Thin corneas with a minimum corneal thickness less than 400 μm after epithelial removal represent a contraindication to standard epithelium-off cross-linking (CXL) treatment due to a significant endothelial cell density decrease and potentiality of permanent haze development. Preoperative swelling of the cornea with hypoosmolar riboflavin solutions broadens the spectrum of CXL indications to thin corneas. However the iatrogenic swelling effect might not be durable throughout the CXL procedure increasing the risk of postoperative complications...
2014: Clinical Ophthalmology
Anastasios John Kanellopoulos, William J Dupps, Ibrahim Seven, George Asimellis
PURPOSE: To report a novel application of toric topographically customized transepithelial collagen cross-linking (CXL) aiming to achieve refractive astigmatic changes in a keratoconic cornea. METHODS: Specially formulated riboflavin transepithelial administration and delivery of high-fluence UVA in a topographically customized pattern was applied in an eye with progressive keratoconus. Visual acuity, cornea clarity, keratometry, topography, and pachymetry with a multitude of modalities, as well as endothelial cell counts were evaluated for >6 months...
May 2014: Case Reports in Ophthalmology
Anders P Søndergaard, Anders Ivarsen, Jesper Hjortdal
PURPOSE: We evaluated whether UVA-riboflavin collagen cross-linking (CXL) increases transverse stromal shear moduli ex vivo, whether the shear moduli are greater in the anterior compared to the posterior stroma, and whether the shear moduli are affected by CXL. METHODS: The resistance to unidirectional transverse shear of human (n = 18) and porcine (n = 42) corneas was measured in a custom engineered biaxial biomechanical setup at different hydrations. The corneas were separated into untreated, riboflavin solution-treated, and CXL-treated groups...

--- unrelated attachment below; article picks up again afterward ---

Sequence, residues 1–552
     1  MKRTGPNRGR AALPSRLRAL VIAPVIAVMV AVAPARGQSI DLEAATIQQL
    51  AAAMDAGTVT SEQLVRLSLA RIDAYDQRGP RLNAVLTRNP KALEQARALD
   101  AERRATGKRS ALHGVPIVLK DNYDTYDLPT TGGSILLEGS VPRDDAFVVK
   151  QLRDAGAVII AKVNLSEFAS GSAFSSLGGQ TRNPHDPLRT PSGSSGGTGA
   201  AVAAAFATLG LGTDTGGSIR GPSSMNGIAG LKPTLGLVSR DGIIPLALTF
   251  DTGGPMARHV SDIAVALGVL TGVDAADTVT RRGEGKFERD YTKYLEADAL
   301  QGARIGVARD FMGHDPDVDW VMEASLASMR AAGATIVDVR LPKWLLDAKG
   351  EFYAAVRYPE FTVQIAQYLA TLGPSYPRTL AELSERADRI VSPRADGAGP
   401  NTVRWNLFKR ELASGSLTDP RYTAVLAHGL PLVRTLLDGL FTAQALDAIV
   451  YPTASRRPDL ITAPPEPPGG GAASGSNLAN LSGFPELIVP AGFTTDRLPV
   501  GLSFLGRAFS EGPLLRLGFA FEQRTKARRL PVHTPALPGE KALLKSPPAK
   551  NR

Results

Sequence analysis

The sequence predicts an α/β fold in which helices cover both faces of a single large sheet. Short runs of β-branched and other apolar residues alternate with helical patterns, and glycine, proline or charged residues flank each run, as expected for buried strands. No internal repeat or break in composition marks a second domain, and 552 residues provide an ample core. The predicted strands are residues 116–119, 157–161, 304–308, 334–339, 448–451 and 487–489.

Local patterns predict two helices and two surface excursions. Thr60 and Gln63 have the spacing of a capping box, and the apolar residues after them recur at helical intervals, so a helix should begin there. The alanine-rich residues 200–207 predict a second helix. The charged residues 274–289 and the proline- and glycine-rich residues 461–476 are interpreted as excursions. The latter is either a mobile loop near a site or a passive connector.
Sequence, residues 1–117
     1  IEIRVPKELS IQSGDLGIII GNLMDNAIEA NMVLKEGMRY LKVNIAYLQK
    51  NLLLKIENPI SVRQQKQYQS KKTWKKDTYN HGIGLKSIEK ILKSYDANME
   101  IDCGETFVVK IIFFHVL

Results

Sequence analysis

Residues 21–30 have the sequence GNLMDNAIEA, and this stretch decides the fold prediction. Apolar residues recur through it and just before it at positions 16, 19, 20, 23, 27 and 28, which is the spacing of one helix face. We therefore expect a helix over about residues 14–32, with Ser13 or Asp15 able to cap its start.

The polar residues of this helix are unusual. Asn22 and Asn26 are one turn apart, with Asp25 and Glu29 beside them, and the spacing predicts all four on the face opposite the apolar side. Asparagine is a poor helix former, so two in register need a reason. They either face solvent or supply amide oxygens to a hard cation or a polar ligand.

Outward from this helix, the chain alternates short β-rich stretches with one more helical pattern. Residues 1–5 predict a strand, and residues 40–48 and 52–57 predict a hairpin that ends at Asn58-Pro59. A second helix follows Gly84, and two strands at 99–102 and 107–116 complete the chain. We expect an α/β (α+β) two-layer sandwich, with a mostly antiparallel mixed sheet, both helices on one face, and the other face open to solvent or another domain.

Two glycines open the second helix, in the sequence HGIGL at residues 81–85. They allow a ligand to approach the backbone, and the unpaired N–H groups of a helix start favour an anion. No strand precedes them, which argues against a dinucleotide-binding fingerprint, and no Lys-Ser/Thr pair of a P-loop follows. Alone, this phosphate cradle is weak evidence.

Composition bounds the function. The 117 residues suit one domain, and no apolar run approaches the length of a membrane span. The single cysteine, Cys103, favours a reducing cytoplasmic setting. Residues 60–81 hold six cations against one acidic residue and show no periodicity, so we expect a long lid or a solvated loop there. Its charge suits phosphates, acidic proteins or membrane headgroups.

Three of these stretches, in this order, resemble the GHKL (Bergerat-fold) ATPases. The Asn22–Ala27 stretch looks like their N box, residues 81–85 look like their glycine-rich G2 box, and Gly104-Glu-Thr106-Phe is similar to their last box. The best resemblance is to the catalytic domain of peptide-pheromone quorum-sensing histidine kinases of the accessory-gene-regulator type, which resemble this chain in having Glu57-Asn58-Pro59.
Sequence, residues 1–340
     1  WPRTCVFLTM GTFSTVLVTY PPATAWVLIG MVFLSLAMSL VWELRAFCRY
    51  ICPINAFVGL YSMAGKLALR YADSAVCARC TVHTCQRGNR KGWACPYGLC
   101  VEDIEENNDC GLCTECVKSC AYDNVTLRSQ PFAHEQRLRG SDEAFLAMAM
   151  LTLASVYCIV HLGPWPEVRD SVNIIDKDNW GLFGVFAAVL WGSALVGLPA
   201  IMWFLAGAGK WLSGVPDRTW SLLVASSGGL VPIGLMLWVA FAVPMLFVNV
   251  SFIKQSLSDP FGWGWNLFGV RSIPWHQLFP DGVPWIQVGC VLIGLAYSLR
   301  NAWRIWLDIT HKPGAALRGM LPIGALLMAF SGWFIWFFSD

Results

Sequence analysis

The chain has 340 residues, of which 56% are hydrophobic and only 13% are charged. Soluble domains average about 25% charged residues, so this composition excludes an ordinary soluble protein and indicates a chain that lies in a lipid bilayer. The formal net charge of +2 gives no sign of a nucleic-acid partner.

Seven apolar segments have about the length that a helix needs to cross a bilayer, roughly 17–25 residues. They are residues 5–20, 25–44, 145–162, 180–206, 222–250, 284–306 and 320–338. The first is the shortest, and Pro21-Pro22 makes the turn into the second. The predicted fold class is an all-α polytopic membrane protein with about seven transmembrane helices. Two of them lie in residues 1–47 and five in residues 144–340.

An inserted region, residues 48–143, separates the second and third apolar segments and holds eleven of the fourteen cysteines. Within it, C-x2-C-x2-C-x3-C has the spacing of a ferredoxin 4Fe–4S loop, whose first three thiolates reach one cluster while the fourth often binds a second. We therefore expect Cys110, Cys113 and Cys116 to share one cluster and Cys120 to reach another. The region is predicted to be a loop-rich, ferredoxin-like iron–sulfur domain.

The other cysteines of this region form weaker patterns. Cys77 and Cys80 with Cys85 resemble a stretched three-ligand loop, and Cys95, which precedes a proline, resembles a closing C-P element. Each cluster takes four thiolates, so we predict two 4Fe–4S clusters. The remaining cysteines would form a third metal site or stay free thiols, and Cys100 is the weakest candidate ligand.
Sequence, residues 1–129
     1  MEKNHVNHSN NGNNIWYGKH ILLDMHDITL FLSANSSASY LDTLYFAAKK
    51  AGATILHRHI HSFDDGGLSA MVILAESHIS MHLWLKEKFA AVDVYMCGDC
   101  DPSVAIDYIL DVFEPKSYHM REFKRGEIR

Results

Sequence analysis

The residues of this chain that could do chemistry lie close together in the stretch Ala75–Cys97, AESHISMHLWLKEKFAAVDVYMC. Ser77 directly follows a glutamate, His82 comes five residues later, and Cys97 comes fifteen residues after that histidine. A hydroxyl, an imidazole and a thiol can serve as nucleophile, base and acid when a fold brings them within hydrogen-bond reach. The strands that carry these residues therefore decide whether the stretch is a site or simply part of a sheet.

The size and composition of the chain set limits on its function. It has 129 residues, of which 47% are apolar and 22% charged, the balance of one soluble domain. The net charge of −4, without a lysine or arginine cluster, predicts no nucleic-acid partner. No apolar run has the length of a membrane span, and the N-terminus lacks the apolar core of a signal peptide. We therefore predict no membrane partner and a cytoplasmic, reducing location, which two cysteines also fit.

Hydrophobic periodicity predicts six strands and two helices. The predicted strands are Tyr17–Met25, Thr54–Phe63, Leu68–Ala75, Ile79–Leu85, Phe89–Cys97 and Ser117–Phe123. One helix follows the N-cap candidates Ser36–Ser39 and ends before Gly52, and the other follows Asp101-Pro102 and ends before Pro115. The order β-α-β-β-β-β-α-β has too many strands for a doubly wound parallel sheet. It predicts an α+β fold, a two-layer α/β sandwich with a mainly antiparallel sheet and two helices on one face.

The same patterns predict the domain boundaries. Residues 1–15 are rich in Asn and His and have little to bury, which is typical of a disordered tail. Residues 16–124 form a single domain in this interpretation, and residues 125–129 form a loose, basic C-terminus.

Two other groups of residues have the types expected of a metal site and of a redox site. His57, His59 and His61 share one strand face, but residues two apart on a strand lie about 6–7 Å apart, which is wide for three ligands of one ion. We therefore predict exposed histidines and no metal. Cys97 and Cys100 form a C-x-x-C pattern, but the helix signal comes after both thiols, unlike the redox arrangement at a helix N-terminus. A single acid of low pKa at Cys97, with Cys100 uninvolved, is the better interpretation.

July 26, 2013: Investigative Ophthalmology & Visual Science
Prema Padmanabhan, Aishwaryah Radhakrishnan, Abinaya Priya Venkataraman, Nidhi Gupta, Bhaskar Srinivasan
PURPOSE: To compare the outcome of Collagen cross-linking (CXL) with that following topography-guided customized ablation treatment (T-CAT) with simultaneous CXL in eyes with progressive keratoconus. MATERIALS AND METHODS: This was a prospective, non-randomized single centre study of 66 eyes with progressive keratoconus. Of these, 40 eyes underwent CXL and 26 eyes underwent T-CAT + CXL. The refractive, topographic, tomographic and aberrometric changes measured at baseline, 1, 3 and 6 months post-operatively were compared between both groups...
February 2014: Indian Journal of Ophthalmology
Frederik Raiskup, Eberhard Spoerl
Changes in the biomechanical properties of the human cornea play an important role in the pathogenesis of corneal ectatic diseases. A variety of conditions in primary acquired (keratoconus and pellucid marginal degeneration) or secondary induced (iatrogenic keratectasia after excimer refractive laser surgery) corneal ectatic disorders lead to reduced biomechanical resistance. Corneal collagen crosslinking (CXL) has emerged as a promising technique to slow or even to stop the progression of these corneal ectatic pathologies...
April 2013: Ocular Surface